In this chapter, we describe in detail our implementation of FISH technologies in the diagnosis of three myelinopathies: two neuropathies of the peripheral nervous system (PNS), Charcot-Marie-Tooth disease type 1A (CMT1A) and hereditary neuropathy with liability to pressure palsies (HNPP) and one leukodystrophy of the central nervous system (CNS), Pelizaeus-Merzbacher disease (PMD), in which either duplication or deletion of a large DNA sequence with concomitant gene-dosage alteration has been implicated.
These disorders present with specific diagnostic challenges, in particular, the genomic duplications. The duplications found in CMT1A and PMD are not resolvable on the metaphase chromosome. Therefore, the duplication analysis must be performed on interphase nuclei to allow for the separation of FISH signals so that the duplications can be visualized. Additionally, the laboratory performing the analysis must recognize the statistical distinction between replication of a locus (DNA synthesis during the cell cycle) and true, pathologic genomic duplication. However, these challenges can be met and a reliable FISH-based assay can be developed and implemented in the diagnostic laboratory.
Inherited neuropathies are a heterogeneous spectrum of disorders with sometimes overlapping clinical features (10). Essentially, every mode of Mendelian inheritance pattern (autosomal dominant, recessive, and X-linked), as well as sporadic cases, have been described for inherited neuropathies (10,11). However, even within a particular mode of inheritance there is considerable variation in clinical severity among, not only unrelated individuals, but also affected family members including affected identical twins (10). The heterogeneous nature of these neuropathies and the fact that they sometimes share clinical features with acquired conditions have often posed a diagnostic dilemma to the clinician. However, advances made in the last decade have significantly improved the ability to correctly diagnose these neuropathies. Consequently, patients who present with these conditions can now receive more appropriate genetic counseling and a more precise prognosis.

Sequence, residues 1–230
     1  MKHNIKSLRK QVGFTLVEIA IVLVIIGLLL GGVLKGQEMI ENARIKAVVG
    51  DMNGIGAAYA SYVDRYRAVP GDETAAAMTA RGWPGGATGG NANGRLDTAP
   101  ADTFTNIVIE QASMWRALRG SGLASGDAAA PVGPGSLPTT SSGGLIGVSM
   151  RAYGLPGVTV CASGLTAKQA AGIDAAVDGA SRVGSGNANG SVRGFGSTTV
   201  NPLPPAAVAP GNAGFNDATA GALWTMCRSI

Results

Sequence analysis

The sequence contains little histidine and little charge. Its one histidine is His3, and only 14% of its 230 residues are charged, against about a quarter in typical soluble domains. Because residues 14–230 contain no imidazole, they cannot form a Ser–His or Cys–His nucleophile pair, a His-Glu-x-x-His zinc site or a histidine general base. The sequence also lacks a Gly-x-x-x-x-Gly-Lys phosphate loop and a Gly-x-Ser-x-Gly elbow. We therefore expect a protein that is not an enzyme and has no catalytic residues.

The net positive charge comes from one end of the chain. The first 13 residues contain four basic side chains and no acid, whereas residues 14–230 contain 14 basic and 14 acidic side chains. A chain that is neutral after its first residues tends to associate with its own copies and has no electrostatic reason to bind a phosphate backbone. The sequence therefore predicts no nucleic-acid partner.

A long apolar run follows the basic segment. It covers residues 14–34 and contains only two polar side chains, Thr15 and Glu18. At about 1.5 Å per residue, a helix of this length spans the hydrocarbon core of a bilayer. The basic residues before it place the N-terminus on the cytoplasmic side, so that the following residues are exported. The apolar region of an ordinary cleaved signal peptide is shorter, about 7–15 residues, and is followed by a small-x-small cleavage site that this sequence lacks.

220.127.116.11. Clinical Presentation and Molecular Genetic Analysis
Charcot and Marie (12) and, independently, Tooth (13), described an unusual form of progressive muscular atrophy characterized by slow progression of symptoms with initial involvement of the feet and legs, often followed years later with involvement of the hands. Both studies highlighted the inherited nature of the disease well before Men-delian laws of inheritance were rediscovered and the so-called Charcot-Marie-Tooth disease eventually became recognized as the most common inherited disorder of the PNS, affecting one person in 2500 (14). With this rate of incidence, CMT is also one of the most common genetic disorders. Tooth correctly classified the disorder as a neuropathy, and not a myelopathy, as was postulated by Charcot and Marie. Characteristically, the illness presents within the first two decades of life with early symptoms including complaints of frequent tripping and ankle-sprains and an equine-like gait resulting from footdrop. Progressive muscle atrophy of the distal muscles can lead to a stork-leg appearance in some patients. Pes cavus deformity, although usually not seen early in the course of the disease, eventually develops and seems to progress with age. Weakness of the intrinsic hand muscles usually occurs late in the course of the disease with severe cases resulting in claw-like deformities (15).